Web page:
WITH "THE 10 MOST OBSESSION-WORTHY SHOTS OF BRIAN DE PALMA'S CAREER", BY ANNA SWANSON
"To say Brian De Palma is a master of obsession is an understatement," states Anna Swanson at the start of the introduction to her article, "The 10 Most Obsession-Worthy Shots of Brian De Palma's Career," posted today at Film School Rejects (complete with the image montage shown above). "For more than fifty years," Swanson continues, "he’s demonstrated his skill as one of the best American filmmakers by creating works steeped in paranoia and abound with suspenseful sequences that would have made Hitchcock sweat. His films, while often revolving around characters driven by their own obsessions, have a unique ability to worm their way into viewers’ minds through technical achievement and thematic resonance.
"From early masterworks such as Phantom of the Paradise to the overlooked and incendiary Domino, De Palma is gifted at crafting moments that don’t just linger, they burrow. Whether it’s a mind-bending split diopter, a startlingly vibrant color palette, or an assaultive act of violence, his films are unforgettable. This made selecting only ten shots a near-impossible task. One could select one-hundred shots from any given De Palma film and it still wouldn’t be a complete catalog of his skill. But the following ten shots are the ones that immediately come to mind when thinking about what makes De Palma the director he is."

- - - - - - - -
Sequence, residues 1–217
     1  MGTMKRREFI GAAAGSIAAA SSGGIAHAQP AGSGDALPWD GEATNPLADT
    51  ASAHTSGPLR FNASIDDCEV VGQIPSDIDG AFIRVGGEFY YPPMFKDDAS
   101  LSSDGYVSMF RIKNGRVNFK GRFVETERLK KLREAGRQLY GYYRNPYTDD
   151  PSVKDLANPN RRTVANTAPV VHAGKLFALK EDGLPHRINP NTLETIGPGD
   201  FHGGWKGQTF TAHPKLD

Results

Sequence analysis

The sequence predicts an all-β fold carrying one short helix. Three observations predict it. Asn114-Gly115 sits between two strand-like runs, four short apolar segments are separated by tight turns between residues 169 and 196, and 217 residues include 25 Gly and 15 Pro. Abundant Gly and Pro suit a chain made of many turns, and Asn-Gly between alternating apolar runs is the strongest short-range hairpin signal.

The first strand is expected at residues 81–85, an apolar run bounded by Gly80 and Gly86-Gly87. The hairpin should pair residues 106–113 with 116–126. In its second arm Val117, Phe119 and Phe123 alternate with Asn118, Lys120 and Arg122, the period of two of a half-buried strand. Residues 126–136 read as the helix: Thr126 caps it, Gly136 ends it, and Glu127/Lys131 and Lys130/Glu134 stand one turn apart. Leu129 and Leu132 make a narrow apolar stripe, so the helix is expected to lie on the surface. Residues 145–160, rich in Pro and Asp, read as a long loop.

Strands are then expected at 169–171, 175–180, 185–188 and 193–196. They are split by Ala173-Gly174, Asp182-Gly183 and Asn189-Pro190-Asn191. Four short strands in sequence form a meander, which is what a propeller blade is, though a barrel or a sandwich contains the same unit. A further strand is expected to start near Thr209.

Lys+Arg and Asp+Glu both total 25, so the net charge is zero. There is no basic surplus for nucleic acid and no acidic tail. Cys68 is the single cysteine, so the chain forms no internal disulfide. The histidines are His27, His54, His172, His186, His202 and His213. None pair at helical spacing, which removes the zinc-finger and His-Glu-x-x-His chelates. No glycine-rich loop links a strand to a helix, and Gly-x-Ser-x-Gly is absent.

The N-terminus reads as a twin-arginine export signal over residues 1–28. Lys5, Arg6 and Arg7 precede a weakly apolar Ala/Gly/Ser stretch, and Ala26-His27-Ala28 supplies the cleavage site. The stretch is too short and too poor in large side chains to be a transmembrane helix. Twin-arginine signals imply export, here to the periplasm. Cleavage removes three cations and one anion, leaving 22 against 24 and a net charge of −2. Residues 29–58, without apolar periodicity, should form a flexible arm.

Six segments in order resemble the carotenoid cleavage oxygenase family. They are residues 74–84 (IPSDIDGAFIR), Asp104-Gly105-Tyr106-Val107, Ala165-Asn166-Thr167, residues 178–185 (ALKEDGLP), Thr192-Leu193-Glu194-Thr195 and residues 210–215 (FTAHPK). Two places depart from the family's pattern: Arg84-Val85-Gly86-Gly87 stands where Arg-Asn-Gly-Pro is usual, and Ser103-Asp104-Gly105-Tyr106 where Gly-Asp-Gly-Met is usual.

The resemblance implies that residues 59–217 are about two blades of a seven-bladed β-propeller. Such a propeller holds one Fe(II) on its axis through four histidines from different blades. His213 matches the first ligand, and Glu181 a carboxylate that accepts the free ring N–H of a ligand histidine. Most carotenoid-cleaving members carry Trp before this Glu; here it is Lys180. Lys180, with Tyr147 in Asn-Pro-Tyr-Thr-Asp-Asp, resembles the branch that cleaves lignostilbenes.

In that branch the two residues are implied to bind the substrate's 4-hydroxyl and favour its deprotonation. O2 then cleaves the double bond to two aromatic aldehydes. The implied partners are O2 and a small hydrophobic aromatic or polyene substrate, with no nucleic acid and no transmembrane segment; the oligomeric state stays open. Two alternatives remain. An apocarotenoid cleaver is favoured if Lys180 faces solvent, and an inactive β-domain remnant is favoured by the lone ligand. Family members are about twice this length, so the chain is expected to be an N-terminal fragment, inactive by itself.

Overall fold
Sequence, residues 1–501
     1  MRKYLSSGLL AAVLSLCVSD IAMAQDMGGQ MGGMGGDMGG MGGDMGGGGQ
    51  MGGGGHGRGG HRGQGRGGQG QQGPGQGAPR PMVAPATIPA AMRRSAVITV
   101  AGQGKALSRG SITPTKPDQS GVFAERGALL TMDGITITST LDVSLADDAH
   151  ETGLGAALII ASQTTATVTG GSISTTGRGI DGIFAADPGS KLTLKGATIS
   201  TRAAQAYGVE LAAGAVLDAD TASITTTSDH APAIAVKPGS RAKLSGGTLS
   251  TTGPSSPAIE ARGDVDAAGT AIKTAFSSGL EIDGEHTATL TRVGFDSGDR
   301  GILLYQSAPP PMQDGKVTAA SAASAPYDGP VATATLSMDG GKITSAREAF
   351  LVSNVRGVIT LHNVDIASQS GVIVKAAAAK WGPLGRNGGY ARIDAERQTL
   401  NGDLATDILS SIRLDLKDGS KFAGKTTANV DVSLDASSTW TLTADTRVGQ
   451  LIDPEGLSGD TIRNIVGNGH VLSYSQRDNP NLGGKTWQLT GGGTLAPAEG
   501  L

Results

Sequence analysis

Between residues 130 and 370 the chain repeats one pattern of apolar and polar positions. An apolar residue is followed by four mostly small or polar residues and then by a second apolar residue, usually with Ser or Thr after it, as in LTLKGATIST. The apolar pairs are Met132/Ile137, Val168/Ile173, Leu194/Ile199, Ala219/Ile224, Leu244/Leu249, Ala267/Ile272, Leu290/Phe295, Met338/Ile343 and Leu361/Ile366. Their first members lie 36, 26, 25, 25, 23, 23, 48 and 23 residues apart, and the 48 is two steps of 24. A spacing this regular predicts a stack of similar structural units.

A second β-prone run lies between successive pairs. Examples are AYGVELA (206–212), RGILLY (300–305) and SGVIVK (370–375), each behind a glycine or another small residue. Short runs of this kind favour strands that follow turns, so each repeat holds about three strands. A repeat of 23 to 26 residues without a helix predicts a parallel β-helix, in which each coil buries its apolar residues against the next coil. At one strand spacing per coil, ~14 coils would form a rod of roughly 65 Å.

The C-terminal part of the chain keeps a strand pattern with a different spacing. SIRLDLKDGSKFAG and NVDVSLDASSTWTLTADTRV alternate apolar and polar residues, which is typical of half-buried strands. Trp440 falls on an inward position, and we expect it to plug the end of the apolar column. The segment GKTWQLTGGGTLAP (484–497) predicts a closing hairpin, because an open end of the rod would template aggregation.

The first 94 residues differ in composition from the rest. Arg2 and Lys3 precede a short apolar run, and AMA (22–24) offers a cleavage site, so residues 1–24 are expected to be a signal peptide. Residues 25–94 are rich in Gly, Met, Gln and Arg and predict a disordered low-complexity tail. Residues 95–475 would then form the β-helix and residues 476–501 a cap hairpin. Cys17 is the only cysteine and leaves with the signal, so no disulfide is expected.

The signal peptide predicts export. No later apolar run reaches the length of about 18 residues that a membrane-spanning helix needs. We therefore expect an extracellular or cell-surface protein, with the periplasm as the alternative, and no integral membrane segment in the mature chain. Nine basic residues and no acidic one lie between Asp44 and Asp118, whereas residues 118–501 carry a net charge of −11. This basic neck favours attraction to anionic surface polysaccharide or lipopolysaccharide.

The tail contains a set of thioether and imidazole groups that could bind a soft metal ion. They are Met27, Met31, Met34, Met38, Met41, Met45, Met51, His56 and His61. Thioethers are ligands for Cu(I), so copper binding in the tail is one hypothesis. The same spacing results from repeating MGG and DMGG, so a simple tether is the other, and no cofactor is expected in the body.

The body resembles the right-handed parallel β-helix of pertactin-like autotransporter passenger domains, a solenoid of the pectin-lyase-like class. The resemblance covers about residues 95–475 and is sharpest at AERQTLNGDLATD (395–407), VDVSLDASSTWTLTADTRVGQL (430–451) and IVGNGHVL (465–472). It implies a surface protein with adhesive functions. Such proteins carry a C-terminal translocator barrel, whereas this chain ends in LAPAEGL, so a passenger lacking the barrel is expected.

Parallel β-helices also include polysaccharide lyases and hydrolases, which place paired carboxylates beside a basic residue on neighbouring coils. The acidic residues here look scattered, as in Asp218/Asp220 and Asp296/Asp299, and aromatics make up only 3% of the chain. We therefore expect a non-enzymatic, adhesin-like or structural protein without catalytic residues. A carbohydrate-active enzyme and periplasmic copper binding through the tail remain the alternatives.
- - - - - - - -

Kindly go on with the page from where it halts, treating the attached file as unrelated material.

I'll leave it to you to go to Film School Rejects to discover which shots she has chosen (with gifs included), and what she has to say about them... but, well, when you read the first one here, I think you'll see that you're in for a treat:
Hi, Mom! (1970)
The Shot: A woman tests out her new camera by locating Robert De Niro‘s Jon Robin in her field of vision and zooming in on him.
The Obsession: One of De Palma’s signature components is voyeurism. In Hi, Mom!, a film very much about both active and passive forms of looking and observation, this moment highlights an intrinsic curiosity that is found across De Palma’s filmography. While aspiring pornographer Jon looks at his own equipment, this woman turns her attention to him in order to test out the zoom feature. She decides to zoom in on a stranger across the room. She remarks that he becomes blurrier the closer she zooms in, while the focus eventually adjusts as Jon turns his own camera on her.
It’s a rather insignificant moment, one that has very little bearing on the film’s narrative, but it captures some of the most prominent themes in the film. Here, the camera is a novelty, and the prospect of using it to capture footage of a stranger is a bit of lighthearted fun to the female patron, while to Jon it is a tool for invasive voyeurism. There’s a duality to the tool, one that contradicts and complicates any attempt to classify an inherent quality of the camera.
There are also contractions in its very mechanism. As the woman remarks, the closer she gets to Jon, the more the image becomes blurry. While she remains on the other side of the room, she gets a sense of proximity but loses clarity. This shot is also a remarkable comment on the impulses of both De Palma and his characters — when anyone has a camera in hand, they can’t help but aim it at another person. Sure, De Palma is a voyeur. Who isn’t?